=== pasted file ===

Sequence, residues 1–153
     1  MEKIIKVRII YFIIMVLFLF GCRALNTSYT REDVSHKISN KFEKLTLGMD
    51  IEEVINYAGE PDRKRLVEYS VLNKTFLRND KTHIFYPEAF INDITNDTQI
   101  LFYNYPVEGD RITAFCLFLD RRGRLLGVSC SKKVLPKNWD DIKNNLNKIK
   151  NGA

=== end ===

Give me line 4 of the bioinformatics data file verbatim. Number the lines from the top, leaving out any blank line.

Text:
   101  LFYNYPVEGD RITAFCLFLD RRGRLLGVSC SKKVLPKNWD DIKNNLNKIK